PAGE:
An engineer and inventor Ibrahim Alalim based in Saudi Arabia, has come up with a new biotechnology to break down the composition of any animal fat, crude oil or any petrochemical product. “This bio-technology involves a liquid extract from vegetables that could be instrumental in coming up with products that will be useful in cleaning utensils, floors and marble,” said Alalim. Explaining the biotechnology, the inventor said that it involves what he calls “Al-Raheef,” a liquid extract from a vegetable.

Al-Raheef means “very elegant” in Arabic. He did not name the vegetable since he had not yet registered the patent with the World Intellectual Property Organization (WIPO), Switzerland, where had ear-lier worked for 20 years in the 1980s. Al-Raheef in liquid form is responsible for decomposing any fat into its smallest particles to get rid of it. To demonstrate how the biotechnology works, Alalim poured five grams of Al-Raheef to 95 grams of gasoline and shook it hard. After two minutes the brown-colored gasoline changed to a white creamy substance. It was no longer gasoline, which could also be used in cleaning up oil spills at sea or on land.

Plants help clean up oil

A team of biologists from Tulane University, the United States, has found that oil-eating bacteria grew rapidly within salt marsh cordgrass following the 2010 Deepwater Horizon oil spill. The plants form a first line of defense against coastal erosion. In this study, researchers focused on the little-known communities of fungi and bacteria living symbiotically within these plants.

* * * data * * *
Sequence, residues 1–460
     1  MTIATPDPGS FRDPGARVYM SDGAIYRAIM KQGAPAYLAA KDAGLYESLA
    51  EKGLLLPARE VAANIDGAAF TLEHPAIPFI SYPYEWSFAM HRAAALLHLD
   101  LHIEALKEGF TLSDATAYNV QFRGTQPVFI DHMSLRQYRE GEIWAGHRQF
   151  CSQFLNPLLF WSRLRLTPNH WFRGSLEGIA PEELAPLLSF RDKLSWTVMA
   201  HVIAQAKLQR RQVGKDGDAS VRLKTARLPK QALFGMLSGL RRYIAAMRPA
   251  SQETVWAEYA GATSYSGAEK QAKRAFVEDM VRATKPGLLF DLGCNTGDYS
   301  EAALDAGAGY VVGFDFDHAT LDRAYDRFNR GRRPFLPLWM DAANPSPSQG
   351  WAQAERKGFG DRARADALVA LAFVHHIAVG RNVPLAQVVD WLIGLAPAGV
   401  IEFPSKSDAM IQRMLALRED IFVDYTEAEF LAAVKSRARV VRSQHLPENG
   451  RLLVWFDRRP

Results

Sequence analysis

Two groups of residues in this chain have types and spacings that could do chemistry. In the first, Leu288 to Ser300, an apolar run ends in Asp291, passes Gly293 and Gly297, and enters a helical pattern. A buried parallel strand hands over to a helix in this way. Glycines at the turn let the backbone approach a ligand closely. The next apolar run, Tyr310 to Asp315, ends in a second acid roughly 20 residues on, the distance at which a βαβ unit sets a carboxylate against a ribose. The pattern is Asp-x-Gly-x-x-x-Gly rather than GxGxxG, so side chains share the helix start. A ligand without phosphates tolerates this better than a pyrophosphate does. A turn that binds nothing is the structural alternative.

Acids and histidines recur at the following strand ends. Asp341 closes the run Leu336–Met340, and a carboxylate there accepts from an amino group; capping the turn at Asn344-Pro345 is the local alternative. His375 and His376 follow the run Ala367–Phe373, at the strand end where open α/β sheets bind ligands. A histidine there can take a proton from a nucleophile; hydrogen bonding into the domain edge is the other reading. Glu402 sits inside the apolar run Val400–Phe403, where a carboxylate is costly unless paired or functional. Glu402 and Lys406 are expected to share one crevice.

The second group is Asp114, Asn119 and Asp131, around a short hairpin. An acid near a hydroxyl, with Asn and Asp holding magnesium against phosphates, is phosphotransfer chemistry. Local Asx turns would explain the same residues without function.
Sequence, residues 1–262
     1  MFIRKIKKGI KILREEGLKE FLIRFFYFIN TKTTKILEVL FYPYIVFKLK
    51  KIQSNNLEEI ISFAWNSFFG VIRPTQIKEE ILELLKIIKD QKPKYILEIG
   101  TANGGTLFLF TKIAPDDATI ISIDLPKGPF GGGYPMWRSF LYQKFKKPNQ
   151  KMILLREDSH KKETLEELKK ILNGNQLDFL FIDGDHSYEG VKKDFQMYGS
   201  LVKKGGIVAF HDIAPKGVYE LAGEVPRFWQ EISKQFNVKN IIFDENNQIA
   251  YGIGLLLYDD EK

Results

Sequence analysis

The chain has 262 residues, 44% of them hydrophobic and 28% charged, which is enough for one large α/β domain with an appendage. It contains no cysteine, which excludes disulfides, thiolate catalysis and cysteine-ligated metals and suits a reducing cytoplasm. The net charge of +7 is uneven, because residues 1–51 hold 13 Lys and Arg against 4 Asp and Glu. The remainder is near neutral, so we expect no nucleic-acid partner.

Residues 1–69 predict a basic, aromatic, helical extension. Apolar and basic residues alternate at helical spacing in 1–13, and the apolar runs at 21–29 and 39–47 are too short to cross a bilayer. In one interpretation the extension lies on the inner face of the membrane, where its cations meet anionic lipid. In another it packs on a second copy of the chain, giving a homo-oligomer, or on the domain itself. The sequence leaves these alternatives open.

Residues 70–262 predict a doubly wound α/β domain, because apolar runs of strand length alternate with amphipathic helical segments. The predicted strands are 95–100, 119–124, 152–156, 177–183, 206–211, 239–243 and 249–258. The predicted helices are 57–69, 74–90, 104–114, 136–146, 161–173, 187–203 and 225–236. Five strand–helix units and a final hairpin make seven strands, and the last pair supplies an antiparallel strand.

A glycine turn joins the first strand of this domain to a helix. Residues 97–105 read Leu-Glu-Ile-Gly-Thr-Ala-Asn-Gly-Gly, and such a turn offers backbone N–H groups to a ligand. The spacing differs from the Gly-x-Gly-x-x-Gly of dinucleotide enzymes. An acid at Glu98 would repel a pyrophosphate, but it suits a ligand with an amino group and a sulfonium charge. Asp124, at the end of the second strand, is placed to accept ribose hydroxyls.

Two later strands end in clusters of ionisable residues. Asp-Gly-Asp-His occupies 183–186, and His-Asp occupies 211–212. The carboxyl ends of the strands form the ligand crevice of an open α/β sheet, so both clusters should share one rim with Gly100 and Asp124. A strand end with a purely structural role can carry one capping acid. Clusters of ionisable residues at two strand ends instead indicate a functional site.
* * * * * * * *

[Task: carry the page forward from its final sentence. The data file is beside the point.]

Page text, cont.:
According to Van Bael, plants have been used for pollution cleanup for years and will be useful in the future. These kinds of symbioses evolved over millions of years, and they were probably important for plants even to make it onto land. Endophytes, or bacteria and fungi living within plant tissues, have growth-promoting properties, or they can produce hormones or metabolites that help plants deal with stresses like drought or salinity.

Research has shown that endophyte communities change when plants experience environmental stress, and this may affect the plants’ ability to survive. The Tulane team collected plants from sites that had been oiled and from nearby areas without oil. “We found a big shift in the endophyte community in plants that grew up with oil. The fungi normally found in leaves were nearly gone, and in the roots there was a shift toward more species of bacteria known for breaking down oil,” said Van Bael.


New recycling process turns exhaust gases into fuel

Carbon monoxide-rich exhaust gases from steel plants are only being reclaimed to a minor extent as power or heat. However, researchers from Fraunhofer Institute for Molecular Biology and Applied Ecology (IME), Germany, have developed a new recycling process by which these exhaust fumes can be reclaimed and recycled into fuels and specialty chemicals. They successfully produced fuel and specialty chemicals from these exhaust gases on a laboratory scale. With the aid of genetically modified bacterial strains, the research team ferments the gas into alcohols and acetone, convert both substances catalytically into a kind of intermediary diesel product, and from this they produce kerosene and special chemicals.